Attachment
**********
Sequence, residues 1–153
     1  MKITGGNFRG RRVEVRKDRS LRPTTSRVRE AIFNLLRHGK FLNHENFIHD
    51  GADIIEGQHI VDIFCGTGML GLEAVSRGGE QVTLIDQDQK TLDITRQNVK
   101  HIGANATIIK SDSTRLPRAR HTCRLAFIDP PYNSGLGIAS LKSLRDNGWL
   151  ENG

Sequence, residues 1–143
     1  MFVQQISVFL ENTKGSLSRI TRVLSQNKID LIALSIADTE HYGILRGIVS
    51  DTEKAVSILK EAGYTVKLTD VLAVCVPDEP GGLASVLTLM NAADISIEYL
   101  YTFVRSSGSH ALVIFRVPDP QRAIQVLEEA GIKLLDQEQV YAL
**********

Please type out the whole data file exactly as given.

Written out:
Sequence, residues 1–153
     1  MKITGGNFRG RRVEVRKDRS LRPTTSRVRE AIFNLLRHGK FLNHENFIHD
    51  GADIIEGQHI VDIFCGTGML GLEAVSRGGE QVTLIDQDQK TLDITRQNVK
   101  HIGANATIIK SDSTRLPRAR HTCRLAFIDP PYNSGLGIAS LKSLRDNGWL
   151  ENG

Sequence, residues 1–143
     1  MFVQQISVFL ENTKGSLSRI TRVLSQNKID LIALSIADTE HYGILRGIVS
    51  DTEKAVSILK EAGYTVKLTD VLAVCVPDEP GGLASVLTLM NAADISIEYL
   101  YTFVRSSGSH ALVIFRVPDP QRAIQVLEEA GIKLLDQEQV YAL